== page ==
Burundian police arrested around 100 suspected rebels and 80 others following clashes ahead of a controversial presidential election
Bujumbura (Burundi) (AFP) - Security forces in Burundi said Monday they had arrested around 170 suspected rebels and seized a number of weapons in a crackdown ahead of next week's presidential elections.
The Burundian army spokesman, Colonel Gaspard Baratuza, said the rebels were detained after clashes in the northern provinces of Kayanza and Cibitoke.
Police and local officials said 30 assault rifles and ammunition were seized in the northeastern province of Muyinga.
Provincial governor Aline Maniratunga said around 30 supporters of opposition leader Agathon Rwasa were arrested in the operation.
A former rebel leader, Rwasa is now the main opponent of Burundian President Pierre Nkurunziza, whose bid to stand for a third consecutive five-year term despite a constitutional two-term limit has sparked months of civil unrest and an attempted coup in mid-May.
Burundian troops fought with rebel soldiers near the border with Rwanda over the weekend, and paraded around 80 of them in front of the media.
Burundian rebel general Leonard Ngendakumana -- who took part in the failed coup in May to topple Nkurunziza -- has confirmed that soldiers loyal to the coup plot were involved in the fighting.
"Our troops are preparing attacks to stop Nkurunziza," he told AFP by telephone on Monday, dismissing the parading of the detainees as "propaganda".
Opposition groups say Nkurunziza's re-election bid is unconstitutional and a violation of a peace deal that ended a dozen years of civil war in 2006.
There are fears the current crisis could plunge the impoverished, landlocked country back into civil war.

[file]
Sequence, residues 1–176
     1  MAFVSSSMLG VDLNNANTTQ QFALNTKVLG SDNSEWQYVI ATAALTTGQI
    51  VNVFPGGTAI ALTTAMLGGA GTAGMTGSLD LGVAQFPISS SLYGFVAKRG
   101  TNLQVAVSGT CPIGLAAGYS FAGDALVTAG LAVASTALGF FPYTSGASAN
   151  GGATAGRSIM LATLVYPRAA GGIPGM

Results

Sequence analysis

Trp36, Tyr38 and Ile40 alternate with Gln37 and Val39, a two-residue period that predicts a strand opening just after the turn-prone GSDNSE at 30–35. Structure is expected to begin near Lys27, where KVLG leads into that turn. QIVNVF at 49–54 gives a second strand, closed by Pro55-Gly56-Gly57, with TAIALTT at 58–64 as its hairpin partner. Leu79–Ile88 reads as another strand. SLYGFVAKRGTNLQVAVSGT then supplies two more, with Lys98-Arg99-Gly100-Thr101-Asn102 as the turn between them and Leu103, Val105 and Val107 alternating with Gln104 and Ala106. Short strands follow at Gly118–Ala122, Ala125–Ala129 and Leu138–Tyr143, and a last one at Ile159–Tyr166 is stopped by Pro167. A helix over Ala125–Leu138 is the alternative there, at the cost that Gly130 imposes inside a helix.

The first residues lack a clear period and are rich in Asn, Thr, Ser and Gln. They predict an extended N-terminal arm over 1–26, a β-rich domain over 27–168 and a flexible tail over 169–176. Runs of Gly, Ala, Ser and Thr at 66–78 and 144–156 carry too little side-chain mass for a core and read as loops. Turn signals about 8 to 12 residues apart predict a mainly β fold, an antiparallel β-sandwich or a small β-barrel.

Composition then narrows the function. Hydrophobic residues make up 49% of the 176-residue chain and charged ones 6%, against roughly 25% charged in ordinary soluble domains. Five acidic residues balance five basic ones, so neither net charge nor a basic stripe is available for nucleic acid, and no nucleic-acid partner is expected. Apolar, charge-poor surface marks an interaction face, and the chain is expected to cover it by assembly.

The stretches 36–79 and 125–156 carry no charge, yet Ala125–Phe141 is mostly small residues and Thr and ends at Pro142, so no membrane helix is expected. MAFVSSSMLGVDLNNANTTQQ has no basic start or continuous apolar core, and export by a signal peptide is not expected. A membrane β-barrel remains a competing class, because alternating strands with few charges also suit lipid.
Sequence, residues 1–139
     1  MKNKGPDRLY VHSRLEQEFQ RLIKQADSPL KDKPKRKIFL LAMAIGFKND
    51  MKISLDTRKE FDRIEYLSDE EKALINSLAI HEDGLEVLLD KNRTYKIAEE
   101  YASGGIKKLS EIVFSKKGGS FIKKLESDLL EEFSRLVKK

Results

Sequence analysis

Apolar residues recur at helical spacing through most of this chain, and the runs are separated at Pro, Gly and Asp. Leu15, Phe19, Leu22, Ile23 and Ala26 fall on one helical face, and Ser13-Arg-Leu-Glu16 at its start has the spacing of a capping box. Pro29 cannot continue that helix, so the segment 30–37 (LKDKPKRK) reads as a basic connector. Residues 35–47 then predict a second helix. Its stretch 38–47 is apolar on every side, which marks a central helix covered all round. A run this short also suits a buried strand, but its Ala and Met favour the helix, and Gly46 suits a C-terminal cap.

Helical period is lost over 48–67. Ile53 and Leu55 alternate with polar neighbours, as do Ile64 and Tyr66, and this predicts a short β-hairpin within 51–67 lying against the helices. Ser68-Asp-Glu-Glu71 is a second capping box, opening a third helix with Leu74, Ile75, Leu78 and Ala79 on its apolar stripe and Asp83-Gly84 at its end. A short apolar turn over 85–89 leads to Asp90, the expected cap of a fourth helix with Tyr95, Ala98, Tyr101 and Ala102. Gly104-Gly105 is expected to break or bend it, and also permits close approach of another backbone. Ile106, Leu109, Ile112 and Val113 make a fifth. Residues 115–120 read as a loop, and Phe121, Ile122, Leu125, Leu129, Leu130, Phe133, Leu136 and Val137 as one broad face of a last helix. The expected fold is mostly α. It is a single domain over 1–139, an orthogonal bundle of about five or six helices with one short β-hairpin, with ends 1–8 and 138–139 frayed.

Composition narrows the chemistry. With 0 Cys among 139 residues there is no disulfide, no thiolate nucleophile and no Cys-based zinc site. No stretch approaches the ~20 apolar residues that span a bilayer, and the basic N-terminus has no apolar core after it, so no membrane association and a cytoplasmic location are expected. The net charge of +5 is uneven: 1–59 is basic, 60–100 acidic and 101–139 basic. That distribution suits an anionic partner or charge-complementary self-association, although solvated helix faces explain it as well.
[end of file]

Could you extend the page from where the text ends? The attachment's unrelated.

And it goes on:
Parliamentary polls, in which Nkurunziza's ruling CNDD-FDD scored a widely-expected landslide win, were held on May 29 but boycotted by the opposition and internationally condemned.
Burundi's presidency meanwhile said Ugandan President Yoweri Museveni would also arrive in Bujumbura on Tuesday as part of regional efforts to mediate an end to the crisis.
The five-nation East African Community (EAC) last week called for elections to be delayed by two weeks, to July 30, to allow time for more talks between Nkurunziza's ruling CNDD-FDD party and opposition groups -- although these talks have so far made no progress.
With the presidential elections now scheduled for July 21, a delay of less than a week, Museveni has been left with only several days to try to kickstart the talks.
Opposition and rights groups argue that weeks of protests and a violent crackdown by security forces mean free and fair elections are impossible.
The country has also been left without most of its independent media outlets, after several radio stations were attacked and destroyed in fighting during the attempted coup.
Over 70 people have been killed in more than two months of protests, with over 158,000 refugees fleeing to neighbouring countries, according to the latest UN figures.